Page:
By Cole Daniels
By now just about everybody has seen someone rattle in a buck on TV. Usually, the hero is demoralized as he sits in his stand and ponders the inevitability of a meal of tag soup. It looks like hunt is all but over when our hero pulls out his rattling antlers and recreates a buck fight. In less than thirty seconds a heavy racked buck bulldogs his way to the hero’s stand and meets his demise. It looks pretty simple and incredibly effective.
The following season everyone who witnessed our hero’s successful rattling is in the woods with their own set of rattling antlers. They could be a pair of sheds, a set of antlers from a deer killed a few seasons ago, or even one of those space age looking disc things. After a few hours in the stand without a deer sighting, the rattling begins. But this time no bruiser buck shows up to the party. The hunter begins to wonder what’s missing.
The truth is rattling will work just about anytime, anywhere. But how well it works can vary depending on a handful of factors. Sometimes, bucks will come running as if they can’t wait to see a good fight. Other times there won’t be a response. Most of the time nothing happens. But all it takes is one time for the effort to pay off.
Bucks are rattled in throughout the season. But the best time for rattling is right before the peak breeding period of the rut. Bucks are looking for any opportunity they can find to breed a doe and will check out all possibilities. Once does are in estrous, it is tougher to get bucks to respond to rattling. Mature bucks will pair up with a hot doe and breed her several times before moving on to another. The timing must be perfect for a big buck to leave a doe he is breeding. The phrase “one in the hand is worth two in the bush” goes for bucks too. While odds of bringing in big whitetails with rattling decreases at this time, it is still worth trying. Younger bucks will still be responsive and you never know when you may catch a big boy who is back on the prowl after breeding a doe.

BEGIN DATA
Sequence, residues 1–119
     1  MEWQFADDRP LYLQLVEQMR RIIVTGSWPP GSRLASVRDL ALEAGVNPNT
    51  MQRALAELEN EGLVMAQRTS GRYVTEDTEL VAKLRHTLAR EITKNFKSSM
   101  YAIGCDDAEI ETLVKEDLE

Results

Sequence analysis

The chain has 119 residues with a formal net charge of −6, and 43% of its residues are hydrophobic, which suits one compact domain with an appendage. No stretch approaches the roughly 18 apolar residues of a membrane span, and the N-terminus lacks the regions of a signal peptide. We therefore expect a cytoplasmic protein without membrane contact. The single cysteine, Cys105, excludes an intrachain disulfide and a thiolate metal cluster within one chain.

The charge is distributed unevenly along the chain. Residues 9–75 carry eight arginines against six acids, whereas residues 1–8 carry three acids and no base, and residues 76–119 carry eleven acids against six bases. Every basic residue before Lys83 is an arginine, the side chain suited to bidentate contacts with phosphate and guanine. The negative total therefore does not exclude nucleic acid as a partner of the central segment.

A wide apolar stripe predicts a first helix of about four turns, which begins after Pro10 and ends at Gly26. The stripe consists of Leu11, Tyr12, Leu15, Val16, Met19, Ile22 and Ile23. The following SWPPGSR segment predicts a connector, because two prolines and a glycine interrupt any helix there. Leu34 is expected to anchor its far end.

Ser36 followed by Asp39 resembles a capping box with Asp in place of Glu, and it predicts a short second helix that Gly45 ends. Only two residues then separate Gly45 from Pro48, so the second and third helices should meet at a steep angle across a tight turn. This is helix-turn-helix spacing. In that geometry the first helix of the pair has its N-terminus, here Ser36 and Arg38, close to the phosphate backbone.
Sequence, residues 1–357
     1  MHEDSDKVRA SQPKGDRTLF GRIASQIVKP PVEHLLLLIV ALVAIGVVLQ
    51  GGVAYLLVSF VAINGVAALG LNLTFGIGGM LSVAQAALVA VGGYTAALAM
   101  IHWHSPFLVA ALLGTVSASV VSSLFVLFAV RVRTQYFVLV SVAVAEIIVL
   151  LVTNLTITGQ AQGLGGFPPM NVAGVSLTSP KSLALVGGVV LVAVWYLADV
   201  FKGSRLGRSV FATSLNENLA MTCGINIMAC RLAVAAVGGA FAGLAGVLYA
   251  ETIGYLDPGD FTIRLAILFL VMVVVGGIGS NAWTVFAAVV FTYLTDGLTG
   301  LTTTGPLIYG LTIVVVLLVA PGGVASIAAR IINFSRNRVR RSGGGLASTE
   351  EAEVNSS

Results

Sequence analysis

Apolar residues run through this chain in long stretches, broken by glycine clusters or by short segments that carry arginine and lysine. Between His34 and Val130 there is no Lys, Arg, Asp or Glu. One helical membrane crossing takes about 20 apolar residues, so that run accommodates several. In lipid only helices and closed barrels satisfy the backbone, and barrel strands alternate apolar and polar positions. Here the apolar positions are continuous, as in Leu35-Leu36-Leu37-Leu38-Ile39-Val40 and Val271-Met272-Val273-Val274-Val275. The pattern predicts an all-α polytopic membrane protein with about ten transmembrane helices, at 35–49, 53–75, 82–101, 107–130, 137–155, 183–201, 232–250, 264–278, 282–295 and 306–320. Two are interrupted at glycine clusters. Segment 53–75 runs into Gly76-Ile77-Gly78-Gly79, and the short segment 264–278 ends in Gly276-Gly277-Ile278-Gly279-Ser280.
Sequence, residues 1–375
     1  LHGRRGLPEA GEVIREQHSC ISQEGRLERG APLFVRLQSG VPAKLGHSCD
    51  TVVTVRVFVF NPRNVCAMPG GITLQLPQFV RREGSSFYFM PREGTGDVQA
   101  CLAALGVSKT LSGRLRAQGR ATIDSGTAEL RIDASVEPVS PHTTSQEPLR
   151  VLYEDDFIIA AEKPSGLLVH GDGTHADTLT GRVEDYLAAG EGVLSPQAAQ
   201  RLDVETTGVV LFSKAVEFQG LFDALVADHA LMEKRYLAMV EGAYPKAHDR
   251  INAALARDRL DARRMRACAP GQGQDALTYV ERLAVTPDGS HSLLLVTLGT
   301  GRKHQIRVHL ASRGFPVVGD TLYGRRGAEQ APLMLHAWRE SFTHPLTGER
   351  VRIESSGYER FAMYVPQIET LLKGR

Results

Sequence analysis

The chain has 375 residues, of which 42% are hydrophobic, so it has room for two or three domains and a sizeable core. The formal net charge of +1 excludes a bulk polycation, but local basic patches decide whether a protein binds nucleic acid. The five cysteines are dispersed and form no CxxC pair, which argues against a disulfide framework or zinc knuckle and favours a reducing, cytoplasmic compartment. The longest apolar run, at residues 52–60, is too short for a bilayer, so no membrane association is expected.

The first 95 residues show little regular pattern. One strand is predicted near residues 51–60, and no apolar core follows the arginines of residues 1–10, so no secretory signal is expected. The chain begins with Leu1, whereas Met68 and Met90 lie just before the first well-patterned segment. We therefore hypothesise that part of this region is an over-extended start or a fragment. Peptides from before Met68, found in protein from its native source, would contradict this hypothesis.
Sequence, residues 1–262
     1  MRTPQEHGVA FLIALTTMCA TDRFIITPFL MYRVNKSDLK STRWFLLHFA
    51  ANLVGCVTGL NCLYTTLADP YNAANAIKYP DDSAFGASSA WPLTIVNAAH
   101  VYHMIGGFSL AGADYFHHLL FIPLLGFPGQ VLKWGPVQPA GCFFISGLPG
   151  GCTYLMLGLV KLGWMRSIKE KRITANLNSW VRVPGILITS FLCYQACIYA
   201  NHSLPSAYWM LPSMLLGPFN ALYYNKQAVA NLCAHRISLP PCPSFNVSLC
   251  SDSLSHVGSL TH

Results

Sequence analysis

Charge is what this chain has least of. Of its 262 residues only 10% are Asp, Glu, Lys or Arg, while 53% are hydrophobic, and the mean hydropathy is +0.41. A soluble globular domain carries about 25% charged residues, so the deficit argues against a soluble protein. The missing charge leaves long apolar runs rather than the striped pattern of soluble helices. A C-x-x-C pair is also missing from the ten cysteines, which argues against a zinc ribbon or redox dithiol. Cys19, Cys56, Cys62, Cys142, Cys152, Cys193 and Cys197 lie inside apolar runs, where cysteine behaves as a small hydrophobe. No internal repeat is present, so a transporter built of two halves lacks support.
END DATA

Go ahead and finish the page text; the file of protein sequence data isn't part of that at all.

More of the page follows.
Estrous cycles are an important factor in rattling. But hunting pressure can also affect your results. Some states hold their gun deer seasons at peak rutting periods. This is a great way to give more hunters an opportunity to shoot big bucks. But it makes rattling success hard to come by. Even if bucks are chasing does, they are more leery about coming to rattling if hunters are scattered about the woods. In this situation you will often rattle in more hunters than deer. If there are a lot of hunters in the woods during the rut in your state, try rattling the week before gun deer season.
Late in the rut is another prime time for rattling. By this time, most of the casual hunters have put their rattling antlers away. Most does have been bred as well, but bucks are still looking for opportunity. As remaining does begin to end their estrous cycle, bucks become desperate for one last chance to breed.
As you have read, rattling works because bucks are looking for opportunities to breed. Much of your success will be determined by timing in the rut. However, buck to doe ratio in a given area is also a big factor. If there is a lot of does in the area, breeding competition is light. Bucks simply don’t have to fight to breed because there are plenty of does around. Again, rattling can work anytime, anywhere. But if the buck to doe ratio is around one to three, you are more likely to have TV-star success when rattling.